But about 95 per cent of cases of neural tube defects occur in women who have never had affected pregnancies. For prevention in this group, the report recommends that women take a much smaller dose of 0.4mg (sometimes written as 400 micrograms and abbreviated on labels to 400mcg or 400hg).
This dose, available without prescription, is high enough to be effective but low enough to reduce the risk of side-effects. Although folic acid is very safe, it can be harmful in high doses for people who are deficient in vitamin B12, if this is not treated. Women taking anticonvulsants for epilepsy should ask the advice of their doctors before starting to take folic acid.
Women who cannot find folic acid tablets should 'choose a supplement of B group vitamins which includes folic acid at around a level of 0.4 mg per day,' says the department.
Folic acid alone is more likely to be available in small independent health-food stores than in high- street pharmacies. Two examples are Solgar 0.4mg folic acid tablets, costing pounds 2.07 for 100, and Health- Aid 0.4mg folic acid tablets, pounds 3.19 for 90 tablets.
The report was submitted to the Department of Health last spring. Asked why the department had not done more to ensure that suitable preparations were widely available, a spokesman said it was encouraging the production of a 0.4mg folic-acid-only supplement for retail sale.
This recommended dose is, however, a leap in the dark. No conclusive trial has been done to show that 0.4mg of folic acid protects against a first occurrence of neural tube defect.
Nicholas Wald, professor of environmental and preventive medicine at St Bartholemew's Hospital Medical College, London, and a member of the expert group that produced the report, says: 'A woman who is particularly concerned over the dose of folic acid and who thinks that she might be better off on the higher dose, may well be correct.'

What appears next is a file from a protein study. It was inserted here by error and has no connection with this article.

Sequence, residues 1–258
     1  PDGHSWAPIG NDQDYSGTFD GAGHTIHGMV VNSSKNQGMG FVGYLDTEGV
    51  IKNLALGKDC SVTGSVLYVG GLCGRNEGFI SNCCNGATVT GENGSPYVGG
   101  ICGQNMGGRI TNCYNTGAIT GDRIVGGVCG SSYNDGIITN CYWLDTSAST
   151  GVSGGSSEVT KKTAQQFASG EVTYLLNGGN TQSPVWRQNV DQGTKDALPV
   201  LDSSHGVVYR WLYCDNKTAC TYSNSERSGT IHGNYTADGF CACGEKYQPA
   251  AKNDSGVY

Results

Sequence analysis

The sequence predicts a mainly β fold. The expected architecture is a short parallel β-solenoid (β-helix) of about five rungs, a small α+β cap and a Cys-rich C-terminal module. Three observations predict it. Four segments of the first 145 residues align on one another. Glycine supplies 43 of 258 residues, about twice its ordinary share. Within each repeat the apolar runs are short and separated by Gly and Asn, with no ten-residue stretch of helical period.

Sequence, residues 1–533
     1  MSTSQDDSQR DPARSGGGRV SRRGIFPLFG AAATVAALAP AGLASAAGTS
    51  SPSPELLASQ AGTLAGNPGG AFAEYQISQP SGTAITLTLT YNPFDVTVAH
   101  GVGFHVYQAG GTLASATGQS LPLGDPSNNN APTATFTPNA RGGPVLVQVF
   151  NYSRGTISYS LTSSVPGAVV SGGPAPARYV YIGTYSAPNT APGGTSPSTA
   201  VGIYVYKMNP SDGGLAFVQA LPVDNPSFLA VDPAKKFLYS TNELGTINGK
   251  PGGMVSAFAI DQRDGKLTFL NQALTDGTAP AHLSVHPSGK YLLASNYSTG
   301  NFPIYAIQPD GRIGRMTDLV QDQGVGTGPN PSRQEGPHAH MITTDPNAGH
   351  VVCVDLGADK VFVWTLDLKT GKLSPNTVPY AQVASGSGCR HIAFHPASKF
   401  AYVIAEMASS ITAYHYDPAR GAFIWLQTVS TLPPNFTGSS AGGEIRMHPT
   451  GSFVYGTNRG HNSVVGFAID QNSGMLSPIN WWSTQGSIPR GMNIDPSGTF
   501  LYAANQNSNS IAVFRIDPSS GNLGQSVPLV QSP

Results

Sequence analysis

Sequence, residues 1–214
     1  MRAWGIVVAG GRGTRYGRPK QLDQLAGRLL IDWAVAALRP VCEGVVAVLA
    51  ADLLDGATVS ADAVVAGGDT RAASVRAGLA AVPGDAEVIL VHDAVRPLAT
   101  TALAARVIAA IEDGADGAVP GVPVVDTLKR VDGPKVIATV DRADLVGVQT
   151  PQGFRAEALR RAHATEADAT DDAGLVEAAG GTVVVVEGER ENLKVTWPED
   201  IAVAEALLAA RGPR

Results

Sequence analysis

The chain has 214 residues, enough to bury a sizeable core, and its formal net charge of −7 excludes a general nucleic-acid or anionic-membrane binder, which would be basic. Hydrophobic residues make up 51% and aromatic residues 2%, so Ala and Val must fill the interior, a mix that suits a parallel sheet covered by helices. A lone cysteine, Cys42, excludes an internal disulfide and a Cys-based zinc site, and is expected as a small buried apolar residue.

But he warns women not to try to achieve the recommended dose of folic acid by taking multiple doses of multivitamin pills containing small amounts of the vitamin. They would risk harmful effects from overdosing on other vitamins, he says.
Professor Wald regrets that the report does not recommend legislation to compel food manufacturers to add the vitamin. 'In the absence of legislation to compel fortification, I hope that consumer pressure will act to encourage manufacturers to fortify bread with folic acid,' he says.
Some bakeries already produce supplemented breads. Mighty White, made by Allied Bakeries, provides 0.105mg per slice and Tesco's Healthy Eating Bread delivers 0.15mg per 125 grams of bread. The Federation of Bakers, whose members produce three- quarters of all the bread sold in Britain, will discuss the report on 21 January.
Tony Casdagli, director of the federation, says: 'If this is related only to pregnant women, we need to discuss whether we need to fortify bread across the board.'
'Folic Acid and the Prevention of Neural Tube Defects' is available free from the Health Publications Unit, Heywood Stores, No 2 Site, Manchester Road, Heywood, Lancashire OL10 2PZ.